Can a reverse mortgage line of credit provide financial security?
A reverse mortgage line of credit is exactly what it says it is… It is a line of credit on a reverse mortgage. Mmmm… that doesn’t really clear it up at all, does it?
Reverse mortgages can be difficult to understand. We’ll break it down piece by piece:
A reverse mortgage is a loan — a specific type of loan for homeowners age 62 and over.
- If you own your home outright with no existing mortgage or if you have built up sufficient equity, then a reverse mortgage enables you to convert your home equity into money that you can use however and whenever you want. You can take this money as cash, monthly payments, a line of credit or some combination of these monies.
- If you are still making mortgage payments, then the reverse mortgage will pay off that mortgage and eliminate monthly mortgage payments (your traditional mortgage balance is rolled into the reverse mortgage).
With a reverse mortgage, you are borrowing your own home equity. But, the most unique thing about a reverse mortgage loan is that there are NO mortgage payments on the loan until you die or permanently move out of the house. Furthermore, you still own the home and get to use it for as long as you want.
The reverse part of the loan is that: instead of paying interest and paying down the loan amount every month, as you would with most traditional loans, you accrue interest on the reverse mortgage loan amount and the amount you will eventually owe on the reverse mortgage grows over time. The interest gets added to the amount you have borrowed.
This might sound kind of ominous — a loan that keeps growing. However, you will never ever owe more on the reverse mortgage than the value of the home at the time the loan comes due. And, many people do retain equity in their home that can be used as an inheritance or on other needs later in life.
A line of credit is a source of money that is made available to you by a financial institution. While, there are many different types of lines of credit, you do not pay interest on the money that is available to you until you withdraw the funds from the line of credit.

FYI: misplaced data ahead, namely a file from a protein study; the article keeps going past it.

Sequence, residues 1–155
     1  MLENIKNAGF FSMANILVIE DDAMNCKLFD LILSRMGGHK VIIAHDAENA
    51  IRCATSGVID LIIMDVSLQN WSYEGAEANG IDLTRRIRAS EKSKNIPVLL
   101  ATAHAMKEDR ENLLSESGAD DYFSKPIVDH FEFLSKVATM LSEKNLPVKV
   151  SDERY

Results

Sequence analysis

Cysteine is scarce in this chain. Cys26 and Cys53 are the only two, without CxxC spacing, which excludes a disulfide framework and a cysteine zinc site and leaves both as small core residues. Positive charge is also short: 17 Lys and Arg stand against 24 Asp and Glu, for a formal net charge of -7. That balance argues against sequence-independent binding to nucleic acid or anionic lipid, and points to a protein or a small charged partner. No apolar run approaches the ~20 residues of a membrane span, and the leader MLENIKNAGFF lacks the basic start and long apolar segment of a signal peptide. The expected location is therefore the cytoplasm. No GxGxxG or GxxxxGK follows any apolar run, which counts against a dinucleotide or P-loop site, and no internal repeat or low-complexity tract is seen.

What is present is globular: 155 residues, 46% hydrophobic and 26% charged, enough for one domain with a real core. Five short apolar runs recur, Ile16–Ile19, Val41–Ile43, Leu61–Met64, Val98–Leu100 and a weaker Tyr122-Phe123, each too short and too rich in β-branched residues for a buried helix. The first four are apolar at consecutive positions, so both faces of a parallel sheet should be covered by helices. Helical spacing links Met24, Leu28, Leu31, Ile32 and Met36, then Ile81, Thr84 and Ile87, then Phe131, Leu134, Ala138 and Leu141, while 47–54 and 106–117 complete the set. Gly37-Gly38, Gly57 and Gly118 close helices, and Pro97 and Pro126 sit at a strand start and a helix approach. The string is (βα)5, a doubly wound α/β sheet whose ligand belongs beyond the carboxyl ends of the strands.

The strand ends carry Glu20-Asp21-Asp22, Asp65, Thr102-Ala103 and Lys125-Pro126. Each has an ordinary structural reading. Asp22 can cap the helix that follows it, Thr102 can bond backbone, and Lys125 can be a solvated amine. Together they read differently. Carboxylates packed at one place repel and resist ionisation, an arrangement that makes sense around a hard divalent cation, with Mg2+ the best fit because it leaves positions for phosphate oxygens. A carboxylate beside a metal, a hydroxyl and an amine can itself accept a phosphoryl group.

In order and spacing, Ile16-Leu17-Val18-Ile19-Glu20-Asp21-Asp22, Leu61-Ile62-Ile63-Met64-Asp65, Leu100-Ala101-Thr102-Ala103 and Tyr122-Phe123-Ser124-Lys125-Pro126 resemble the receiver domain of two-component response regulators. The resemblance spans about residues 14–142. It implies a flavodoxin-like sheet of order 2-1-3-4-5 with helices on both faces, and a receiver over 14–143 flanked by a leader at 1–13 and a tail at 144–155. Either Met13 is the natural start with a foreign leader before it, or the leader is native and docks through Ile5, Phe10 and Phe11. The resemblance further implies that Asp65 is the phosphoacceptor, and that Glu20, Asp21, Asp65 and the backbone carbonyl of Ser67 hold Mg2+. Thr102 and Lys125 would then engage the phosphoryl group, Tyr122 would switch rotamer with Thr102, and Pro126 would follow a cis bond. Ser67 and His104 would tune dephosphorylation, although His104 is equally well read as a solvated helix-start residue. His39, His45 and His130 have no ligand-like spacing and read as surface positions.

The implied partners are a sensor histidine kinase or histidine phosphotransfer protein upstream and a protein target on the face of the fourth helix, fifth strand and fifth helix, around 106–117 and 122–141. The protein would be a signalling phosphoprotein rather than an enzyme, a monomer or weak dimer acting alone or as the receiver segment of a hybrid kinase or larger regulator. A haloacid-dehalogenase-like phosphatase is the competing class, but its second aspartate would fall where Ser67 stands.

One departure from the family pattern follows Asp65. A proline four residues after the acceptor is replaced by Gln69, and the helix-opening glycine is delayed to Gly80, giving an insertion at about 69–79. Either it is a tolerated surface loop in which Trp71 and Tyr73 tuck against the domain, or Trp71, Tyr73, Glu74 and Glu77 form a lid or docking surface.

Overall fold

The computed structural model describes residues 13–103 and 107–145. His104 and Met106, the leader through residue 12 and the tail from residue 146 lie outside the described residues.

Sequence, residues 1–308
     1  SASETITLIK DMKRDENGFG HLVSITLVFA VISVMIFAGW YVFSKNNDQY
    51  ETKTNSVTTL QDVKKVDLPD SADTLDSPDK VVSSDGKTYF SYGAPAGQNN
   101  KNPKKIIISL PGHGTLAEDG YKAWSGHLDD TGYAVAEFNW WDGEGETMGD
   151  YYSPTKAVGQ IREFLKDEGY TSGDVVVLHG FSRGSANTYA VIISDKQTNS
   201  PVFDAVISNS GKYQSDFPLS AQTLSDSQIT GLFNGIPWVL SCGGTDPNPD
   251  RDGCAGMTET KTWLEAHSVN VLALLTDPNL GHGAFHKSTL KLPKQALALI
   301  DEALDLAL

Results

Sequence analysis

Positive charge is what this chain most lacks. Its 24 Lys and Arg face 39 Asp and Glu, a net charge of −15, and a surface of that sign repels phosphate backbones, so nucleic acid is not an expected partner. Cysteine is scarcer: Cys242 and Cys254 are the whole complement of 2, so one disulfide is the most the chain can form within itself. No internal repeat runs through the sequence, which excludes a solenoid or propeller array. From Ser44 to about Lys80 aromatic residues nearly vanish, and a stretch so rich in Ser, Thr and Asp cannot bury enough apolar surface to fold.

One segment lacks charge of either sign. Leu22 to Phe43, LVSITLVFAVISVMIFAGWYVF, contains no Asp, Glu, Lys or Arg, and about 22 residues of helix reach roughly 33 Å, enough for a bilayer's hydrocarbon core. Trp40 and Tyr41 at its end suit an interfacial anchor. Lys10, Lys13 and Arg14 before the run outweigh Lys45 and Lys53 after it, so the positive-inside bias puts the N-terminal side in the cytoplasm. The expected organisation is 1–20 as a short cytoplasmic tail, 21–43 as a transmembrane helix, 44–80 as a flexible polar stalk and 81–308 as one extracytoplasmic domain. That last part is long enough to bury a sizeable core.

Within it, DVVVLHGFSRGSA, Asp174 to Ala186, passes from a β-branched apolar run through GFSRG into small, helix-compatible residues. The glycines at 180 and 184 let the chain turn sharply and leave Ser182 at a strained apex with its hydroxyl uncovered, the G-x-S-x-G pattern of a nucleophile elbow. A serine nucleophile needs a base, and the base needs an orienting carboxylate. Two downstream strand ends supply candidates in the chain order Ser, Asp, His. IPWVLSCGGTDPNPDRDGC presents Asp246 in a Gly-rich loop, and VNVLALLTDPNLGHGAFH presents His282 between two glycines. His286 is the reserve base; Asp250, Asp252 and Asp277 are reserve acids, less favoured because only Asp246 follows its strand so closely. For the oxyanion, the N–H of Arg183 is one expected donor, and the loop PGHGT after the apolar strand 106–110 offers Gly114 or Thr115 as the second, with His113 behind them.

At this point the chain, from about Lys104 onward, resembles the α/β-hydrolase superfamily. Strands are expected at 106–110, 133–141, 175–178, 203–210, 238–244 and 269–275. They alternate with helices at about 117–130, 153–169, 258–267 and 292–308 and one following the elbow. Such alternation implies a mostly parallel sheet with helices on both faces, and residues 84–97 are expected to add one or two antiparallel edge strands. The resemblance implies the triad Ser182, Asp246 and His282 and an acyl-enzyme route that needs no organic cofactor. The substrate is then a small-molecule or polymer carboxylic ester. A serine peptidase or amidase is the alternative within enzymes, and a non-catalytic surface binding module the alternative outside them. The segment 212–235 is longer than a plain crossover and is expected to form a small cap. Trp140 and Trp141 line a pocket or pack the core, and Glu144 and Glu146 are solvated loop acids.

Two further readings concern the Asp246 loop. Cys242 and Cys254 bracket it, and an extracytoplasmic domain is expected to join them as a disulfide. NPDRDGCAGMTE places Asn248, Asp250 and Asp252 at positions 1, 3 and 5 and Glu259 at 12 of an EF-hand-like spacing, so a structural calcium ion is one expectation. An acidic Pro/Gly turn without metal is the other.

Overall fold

So, when you have a reverse mortgage line of credit, you have money that is available to you — but you only accrue interest on the money you withdraw. So, the reverse mortgage line of credit acts as an excellent low cost back up source of funds.
In addition to being a great safety net option, other key benefits to a reverse mortgage line of credit include:
Growth: Not only are you not paying interest, but your untouched reverse mortgage line of credit can grow in value. Money in a reverse mortgage line of credit grows at the same rate as the interest accrued on the loan, including the .5% mortgage insurance premium. So, if the fully loaded interest rate on your reverse mortgage is 4.00%, then your line of credit will grow at 4.5% (4.0% + .5%).
Unique: This growth is unique to reverse mortgage lines of credit — a HELOC for example does not grow.
Hedge Against Falling House Prices: The growth in a reverse mortgage line of credit is guaranteed — without withdrawals, your line of credit is guaranteed to grow.
This feature can be an interesting hedge to the potential of falling home prices. If you think home prices will be stagnant or potentially fall, then a reverse mortgage line of credit allows you to lock in the current value of your home and continue to see your assets grow.
No. A reverse mortgage line of credit is just one way to take funds. In fact, most people take their reverse mortgage loan amount in a variety of ways — sometimes determined by their own wants and needs and sometimes determined by the rules governing reverse mortgages.
- Your reverse mortgage loan amount must first be used to pay off any other existing mortgages or liens on your home. And, in some cases, money must be set aside to be used to fund ongoing taxes and insurance for the home.
- Any remaining money can be taken as cash, a line of credit, as monthly payments or some combination.
Most people who secure a reverse mortgage do so because of:
- The desire for financial independence
- The wish to remain in their own home for the rest of their lives
For those with some savings — but perhaps not enough to feel comfortable throughout retirement — the line of credit option provides instant access to cash to optimize drawdown strategies when unexpected expenses arise and during market downturns. If you get the line of credit now, the amount you can borrow grows as you age, effectively locking in immediate access to home equity when you need it most.